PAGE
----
Standing outside today, I was surrounded by the people who made the North End Pub the community institution it was. Leroy was there, taking a break from his barber shop a block away to watch his band's home for the last 10 years burn. All the server staff stood in tears, watching their livelihoods go up in smoke. B.A. (Bad Attitude), one of the regulars, and a sometime employee, stood in an angry frown bigger than she was. "Well, I guess there's nothing left to do but go get a beer," she said to the bar staff and waitresses standing outside. Some followed her, but most of them couldn't take their eyes off the flames and smoke. They lasted for so long. Nobody could tear themselves away, despite the -30 windchill. Despite the choking smoke. Despite, most importantly, the fact that, once the fire was out, they'd never be back within those wood-paneled walls, waiting for draft beer that tasted like only unnameable kegs running eternally through uncleaned pipes, sitting at little wooden tables, in front of Leroy's little stage, waiting, once again, for another summer sunlit Sunday to pass unnoticed while we listened, and sat, and hoped for just one more dance with that one girl before the band played the same last song they played every Sunday at 6:55pm.
And it really feels ugly that I can't remember what that song was.
It's a loss like this that makes me realize that, despite my poverty, and despite my lack of ability to get anything in motion here, it's this community that took me in and welcomed me, far more than the ugly university area where I began my experience in Oceantown. Here is where I live. Here's where I call home. And the North End Pub; well, it was like our living room. Or our grandma's house. And grandma's gone.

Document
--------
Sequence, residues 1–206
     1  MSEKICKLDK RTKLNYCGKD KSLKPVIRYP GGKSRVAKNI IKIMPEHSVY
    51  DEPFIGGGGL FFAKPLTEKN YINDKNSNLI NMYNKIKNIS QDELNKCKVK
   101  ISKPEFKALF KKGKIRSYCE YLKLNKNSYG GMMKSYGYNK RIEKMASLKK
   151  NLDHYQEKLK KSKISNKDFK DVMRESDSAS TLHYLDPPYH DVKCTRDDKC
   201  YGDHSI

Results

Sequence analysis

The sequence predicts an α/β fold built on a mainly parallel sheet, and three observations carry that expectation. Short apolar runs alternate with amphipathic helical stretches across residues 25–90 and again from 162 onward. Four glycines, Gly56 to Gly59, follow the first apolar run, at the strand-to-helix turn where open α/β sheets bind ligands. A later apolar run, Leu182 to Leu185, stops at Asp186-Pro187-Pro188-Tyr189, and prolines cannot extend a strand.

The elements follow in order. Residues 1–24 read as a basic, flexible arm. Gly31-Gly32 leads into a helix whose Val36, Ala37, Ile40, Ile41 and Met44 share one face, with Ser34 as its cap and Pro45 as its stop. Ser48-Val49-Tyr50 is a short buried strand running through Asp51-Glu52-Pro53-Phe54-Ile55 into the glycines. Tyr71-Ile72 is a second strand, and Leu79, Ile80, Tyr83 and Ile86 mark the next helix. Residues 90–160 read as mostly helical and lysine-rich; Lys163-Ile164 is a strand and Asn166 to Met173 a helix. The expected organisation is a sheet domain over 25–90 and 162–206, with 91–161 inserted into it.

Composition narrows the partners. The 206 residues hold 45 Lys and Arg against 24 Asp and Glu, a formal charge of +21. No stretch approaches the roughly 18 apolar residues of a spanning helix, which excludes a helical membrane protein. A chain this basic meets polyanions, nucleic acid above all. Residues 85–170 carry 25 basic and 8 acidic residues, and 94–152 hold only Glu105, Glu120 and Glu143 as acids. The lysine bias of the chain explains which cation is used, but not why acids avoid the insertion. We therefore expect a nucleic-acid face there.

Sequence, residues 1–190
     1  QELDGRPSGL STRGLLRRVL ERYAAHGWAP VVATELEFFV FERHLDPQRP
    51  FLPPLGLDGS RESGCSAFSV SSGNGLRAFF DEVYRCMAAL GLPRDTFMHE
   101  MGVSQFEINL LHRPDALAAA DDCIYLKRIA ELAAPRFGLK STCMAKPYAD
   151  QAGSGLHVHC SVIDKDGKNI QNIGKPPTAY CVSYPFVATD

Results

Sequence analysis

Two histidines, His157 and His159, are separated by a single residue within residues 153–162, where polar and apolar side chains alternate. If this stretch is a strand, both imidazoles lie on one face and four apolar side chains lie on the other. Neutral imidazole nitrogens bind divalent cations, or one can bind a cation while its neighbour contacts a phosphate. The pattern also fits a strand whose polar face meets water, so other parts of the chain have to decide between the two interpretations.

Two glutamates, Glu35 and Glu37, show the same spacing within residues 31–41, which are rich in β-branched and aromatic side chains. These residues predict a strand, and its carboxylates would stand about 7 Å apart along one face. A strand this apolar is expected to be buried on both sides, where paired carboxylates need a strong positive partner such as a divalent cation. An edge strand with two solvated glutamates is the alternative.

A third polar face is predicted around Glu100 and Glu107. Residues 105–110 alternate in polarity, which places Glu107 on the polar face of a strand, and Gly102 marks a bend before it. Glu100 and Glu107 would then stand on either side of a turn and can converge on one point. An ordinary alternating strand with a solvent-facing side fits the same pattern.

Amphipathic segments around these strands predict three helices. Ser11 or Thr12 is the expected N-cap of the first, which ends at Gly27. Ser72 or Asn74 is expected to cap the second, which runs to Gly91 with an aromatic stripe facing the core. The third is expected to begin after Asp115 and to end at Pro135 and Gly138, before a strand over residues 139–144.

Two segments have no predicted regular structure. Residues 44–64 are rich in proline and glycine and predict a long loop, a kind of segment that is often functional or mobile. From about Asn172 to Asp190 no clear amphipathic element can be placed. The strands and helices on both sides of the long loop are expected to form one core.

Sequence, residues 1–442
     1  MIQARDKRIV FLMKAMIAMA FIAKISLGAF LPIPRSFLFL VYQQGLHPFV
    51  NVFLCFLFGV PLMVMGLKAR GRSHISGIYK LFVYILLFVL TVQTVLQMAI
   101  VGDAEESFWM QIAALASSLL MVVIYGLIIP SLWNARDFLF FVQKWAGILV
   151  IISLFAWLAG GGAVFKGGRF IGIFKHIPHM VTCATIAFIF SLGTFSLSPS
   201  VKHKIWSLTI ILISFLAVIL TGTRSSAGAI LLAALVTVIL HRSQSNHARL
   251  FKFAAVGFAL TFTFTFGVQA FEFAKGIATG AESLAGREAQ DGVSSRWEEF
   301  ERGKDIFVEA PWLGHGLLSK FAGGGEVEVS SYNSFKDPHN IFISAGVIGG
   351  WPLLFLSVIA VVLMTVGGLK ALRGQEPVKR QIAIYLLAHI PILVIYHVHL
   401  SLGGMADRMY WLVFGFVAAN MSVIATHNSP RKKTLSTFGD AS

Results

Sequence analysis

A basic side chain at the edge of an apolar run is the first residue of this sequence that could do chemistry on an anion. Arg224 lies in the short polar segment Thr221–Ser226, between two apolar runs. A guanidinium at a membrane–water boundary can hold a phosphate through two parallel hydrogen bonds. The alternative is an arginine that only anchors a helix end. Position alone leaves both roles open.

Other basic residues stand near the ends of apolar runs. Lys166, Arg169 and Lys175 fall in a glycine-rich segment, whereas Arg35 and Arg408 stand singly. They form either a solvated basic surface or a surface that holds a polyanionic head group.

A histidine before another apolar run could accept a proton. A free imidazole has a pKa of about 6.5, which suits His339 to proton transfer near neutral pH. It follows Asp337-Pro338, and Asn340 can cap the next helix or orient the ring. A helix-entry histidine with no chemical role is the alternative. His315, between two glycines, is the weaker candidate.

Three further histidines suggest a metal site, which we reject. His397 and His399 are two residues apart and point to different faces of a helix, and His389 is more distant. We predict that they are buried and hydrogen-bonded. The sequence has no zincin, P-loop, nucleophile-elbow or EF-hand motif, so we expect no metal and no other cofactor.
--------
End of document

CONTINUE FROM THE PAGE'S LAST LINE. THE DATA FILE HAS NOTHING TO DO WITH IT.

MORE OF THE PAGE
Swill beer will never taste the same.

Neptune's Balls!

Ah, for the lusty days of the high seas, when ladies were trollopes, and pirates were sensual, gentle, clean and healthy proper-English-speaking upstanding fellows, unwilling to rape the innocent women they happened to be chatting with at the time.
This beautiful world is revived in Pot of Gold and Emerald Isle by Megan Hart, who I'm sure is just sitting on some Pulitzer material here. Here's a taste of the magic world she's built:

"I don't like being predictable." Robin stared up at the stars, hard.

"Neptune's balls!" he cried again, only because he couldn't think of what else to say.

"I don't give a fig for Neptune's," Eleanor retorted smartly. "But I believe I'd like to learn more about yours."

Ah, pure gold. Just imagine reading this with the children by the fireplace, with a crack-pipe hanging coyly from your lips, as you tear out page after page, tossing each one into the amber glow of the crackling hickory. That means fire.
And the cover design for each book is brilliant. Watch mystified as the exact same picture is superimposed over two different backgrounds--each one more pirate-like than the next. In one, the pirate has healthy skin tones. In the next--he must be cold, because he's a sharper shade of turquoise than most humans usually consider healthy.
Literature has come a long way since Treasure Island and Robinson Crusoe and Curious George Goes to Market. Now, with Megan Hart and Neptune's Balls guiding us through page after page of historically accurate literature, we can toss the classics where they belong--into a flame-addled hearth of burninatious proportions. That also means fire.